Is it worth getting licensed independently (series 63,65,66) just for resume purposes?
I am going to graduate college this summer and am on the job hunt. I currently work as a teller for JPMorgan Chase, and have 4+ years experience.
My ultimate goal is to become a financial advisor, preferrably for a bank. I have been applying for entry level positions and the only call back I have received is from MASSMUTUAL. I've read mixed reviews about MASSMUTUAL, and i can't afford to go without a paycheck, I need to pay rent.
I am contemplating becoming a personal banker and starting off around 45k per year for the meantime to get my sales experience up. Is it worth going and getting licensed independently just to put on my resume (Series 66)? A lot of these financial advisor positions have a pre-req of having your series 7 already, does that mean they won't train me for it?
Thanks in advance for the advice!!
A 66 is a co-req of the series 7. Meaning that while you can take the test before you take the 7, you need to have passed the 7 before it becomes active.
The series 7 requires sponsership from a FINRA member firm.
Also, the 66 is more difficult then the 7 and builds on the foundations learned in the 7.
Stay at the bank for now. Eventually, if you are doing well there, they will offer to pay for your licenses and might let you become an FA there. Once you have those licenses, you're free to go where you choose.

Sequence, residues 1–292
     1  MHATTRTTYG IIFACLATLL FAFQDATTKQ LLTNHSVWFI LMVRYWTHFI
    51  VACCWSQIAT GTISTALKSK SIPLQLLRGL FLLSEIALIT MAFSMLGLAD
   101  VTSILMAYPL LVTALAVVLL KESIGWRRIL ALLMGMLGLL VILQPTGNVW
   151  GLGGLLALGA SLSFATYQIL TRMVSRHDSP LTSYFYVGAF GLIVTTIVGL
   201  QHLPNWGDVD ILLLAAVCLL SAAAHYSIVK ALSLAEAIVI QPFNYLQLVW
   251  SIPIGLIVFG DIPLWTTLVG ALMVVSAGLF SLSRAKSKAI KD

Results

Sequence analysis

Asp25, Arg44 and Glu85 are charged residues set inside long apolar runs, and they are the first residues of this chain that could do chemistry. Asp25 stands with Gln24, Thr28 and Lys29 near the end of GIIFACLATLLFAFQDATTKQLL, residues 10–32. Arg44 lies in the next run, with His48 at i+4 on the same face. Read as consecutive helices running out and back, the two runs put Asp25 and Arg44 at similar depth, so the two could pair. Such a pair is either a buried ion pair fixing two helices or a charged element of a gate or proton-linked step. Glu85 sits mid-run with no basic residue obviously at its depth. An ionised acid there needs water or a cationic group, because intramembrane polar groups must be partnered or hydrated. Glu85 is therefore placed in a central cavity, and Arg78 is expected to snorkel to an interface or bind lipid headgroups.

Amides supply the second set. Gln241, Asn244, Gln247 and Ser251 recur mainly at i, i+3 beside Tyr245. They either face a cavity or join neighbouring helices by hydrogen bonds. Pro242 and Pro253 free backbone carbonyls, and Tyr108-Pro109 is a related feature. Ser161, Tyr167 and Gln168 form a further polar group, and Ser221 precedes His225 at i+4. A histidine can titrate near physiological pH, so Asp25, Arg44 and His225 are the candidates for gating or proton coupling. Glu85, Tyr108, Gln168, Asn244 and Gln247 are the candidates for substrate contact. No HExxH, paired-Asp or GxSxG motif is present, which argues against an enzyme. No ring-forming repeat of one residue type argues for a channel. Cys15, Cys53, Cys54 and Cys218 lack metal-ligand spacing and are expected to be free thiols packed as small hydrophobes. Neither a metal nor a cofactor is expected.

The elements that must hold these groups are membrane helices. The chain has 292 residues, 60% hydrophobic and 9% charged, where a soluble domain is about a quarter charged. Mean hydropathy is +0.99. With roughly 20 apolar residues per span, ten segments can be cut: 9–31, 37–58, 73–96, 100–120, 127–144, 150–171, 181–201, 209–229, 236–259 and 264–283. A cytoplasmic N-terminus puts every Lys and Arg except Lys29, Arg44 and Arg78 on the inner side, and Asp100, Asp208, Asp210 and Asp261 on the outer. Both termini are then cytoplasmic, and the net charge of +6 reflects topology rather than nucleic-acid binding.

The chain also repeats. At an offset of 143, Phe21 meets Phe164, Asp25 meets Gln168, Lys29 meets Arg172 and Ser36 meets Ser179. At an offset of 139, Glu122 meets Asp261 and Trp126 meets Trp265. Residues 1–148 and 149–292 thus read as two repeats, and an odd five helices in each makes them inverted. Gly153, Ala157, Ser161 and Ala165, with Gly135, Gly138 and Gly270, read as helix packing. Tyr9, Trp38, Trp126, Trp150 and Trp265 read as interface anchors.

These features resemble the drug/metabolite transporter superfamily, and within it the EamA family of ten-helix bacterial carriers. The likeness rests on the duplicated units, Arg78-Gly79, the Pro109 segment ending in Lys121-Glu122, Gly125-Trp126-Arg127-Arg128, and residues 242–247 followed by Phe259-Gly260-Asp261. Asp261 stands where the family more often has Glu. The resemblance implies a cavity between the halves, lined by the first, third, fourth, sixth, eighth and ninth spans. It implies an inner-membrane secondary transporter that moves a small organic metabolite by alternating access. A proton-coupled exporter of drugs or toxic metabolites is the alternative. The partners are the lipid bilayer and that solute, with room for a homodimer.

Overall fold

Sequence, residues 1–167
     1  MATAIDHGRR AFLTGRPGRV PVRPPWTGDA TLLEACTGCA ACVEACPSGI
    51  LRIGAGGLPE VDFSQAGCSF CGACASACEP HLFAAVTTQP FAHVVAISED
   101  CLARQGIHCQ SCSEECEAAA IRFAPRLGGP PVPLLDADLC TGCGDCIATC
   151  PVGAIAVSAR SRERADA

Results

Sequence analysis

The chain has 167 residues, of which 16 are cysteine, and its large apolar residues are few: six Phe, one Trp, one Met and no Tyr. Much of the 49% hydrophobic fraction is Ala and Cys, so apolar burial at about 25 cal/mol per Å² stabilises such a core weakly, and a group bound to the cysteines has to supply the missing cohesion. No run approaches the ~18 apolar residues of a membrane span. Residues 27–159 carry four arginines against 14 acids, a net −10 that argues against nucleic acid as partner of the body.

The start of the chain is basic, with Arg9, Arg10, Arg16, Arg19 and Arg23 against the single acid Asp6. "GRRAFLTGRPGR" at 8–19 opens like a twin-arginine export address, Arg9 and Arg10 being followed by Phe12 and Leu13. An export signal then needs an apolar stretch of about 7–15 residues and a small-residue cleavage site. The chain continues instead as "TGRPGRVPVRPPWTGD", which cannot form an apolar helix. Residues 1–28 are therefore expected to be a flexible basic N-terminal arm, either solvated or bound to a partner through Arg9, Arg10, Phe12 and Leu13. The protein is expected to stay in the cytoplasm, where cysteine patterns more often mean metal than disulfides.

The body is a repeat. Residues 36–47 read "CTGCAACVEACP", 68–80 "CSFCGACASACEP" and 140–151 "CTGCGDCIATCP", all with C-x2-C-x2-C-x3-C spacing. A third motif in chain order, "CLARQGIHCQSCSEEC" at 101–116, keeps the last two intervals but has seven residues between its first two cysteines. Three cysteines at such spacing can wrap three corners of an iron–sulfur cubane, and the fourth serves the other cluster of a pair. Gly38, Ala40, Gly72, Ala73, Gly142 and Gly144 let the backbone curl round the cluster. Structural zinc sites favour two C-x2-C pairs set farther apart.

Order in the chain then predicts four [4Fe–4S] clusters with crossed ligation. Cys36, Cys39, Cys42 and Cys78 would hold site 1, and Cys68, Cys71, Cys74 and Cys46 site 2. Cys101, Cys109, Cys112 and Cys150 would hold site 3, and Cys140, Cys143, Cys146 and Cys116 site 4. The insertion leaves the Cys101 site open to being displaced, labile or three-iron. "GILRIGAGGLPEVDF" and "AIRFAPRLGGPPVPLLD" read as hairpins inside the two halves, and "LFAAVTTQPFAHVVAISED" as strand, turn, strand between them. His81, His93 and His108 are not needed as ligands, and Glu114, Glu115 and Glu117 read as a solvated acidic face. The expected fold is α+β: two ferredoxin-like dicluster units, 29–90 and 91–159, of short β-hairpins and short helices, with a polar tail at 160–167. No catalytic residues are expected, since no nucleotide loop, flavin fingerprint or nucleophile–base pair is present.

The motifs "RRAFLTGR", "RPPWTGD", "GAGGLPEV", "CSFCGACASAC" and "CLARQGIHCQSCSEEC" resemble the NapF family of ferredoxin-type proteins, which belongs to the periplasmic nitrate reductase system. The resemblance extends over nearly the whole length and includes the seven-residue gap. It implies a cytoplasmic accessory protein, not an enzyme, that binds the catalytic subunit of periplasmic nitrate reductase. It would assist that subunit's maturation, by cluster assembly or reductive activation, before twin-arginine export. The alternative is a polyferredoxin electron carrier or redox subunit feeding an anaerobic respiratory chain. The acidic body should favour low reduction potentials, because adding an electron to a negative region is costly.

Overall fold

This is probably a sick example, but realize that it is 1:30a.m. right now:
Think of it as, for some odd reason, you are unable to buy condoms until someone else (i.e., the bank, in this case) buys them for you. Now, with your condoms in hand, you can go and sleep with whatever woman you want, but just be careful. Some of them, if you make them angry, can come after you if you leave on bad terms, which, I guess, is like picking up an STI / STD.
I'm referring to certain agreements you may be forced to sign up front.
wow.... what a picture he just drew for us.. But yeah he is right. I would suggest become a banker and use the connection you get to jump to a been an Fa somewhere else. I use to be on that route and honestly been a banker is very stressfull after a year at chase. Anywhere else people can a banker for years but at Chase its like a sprint and you start getting burned out after a year. But honestly its one of the best learning tools on how to structure a meeting with a client. I think it should actually be considered mandatory.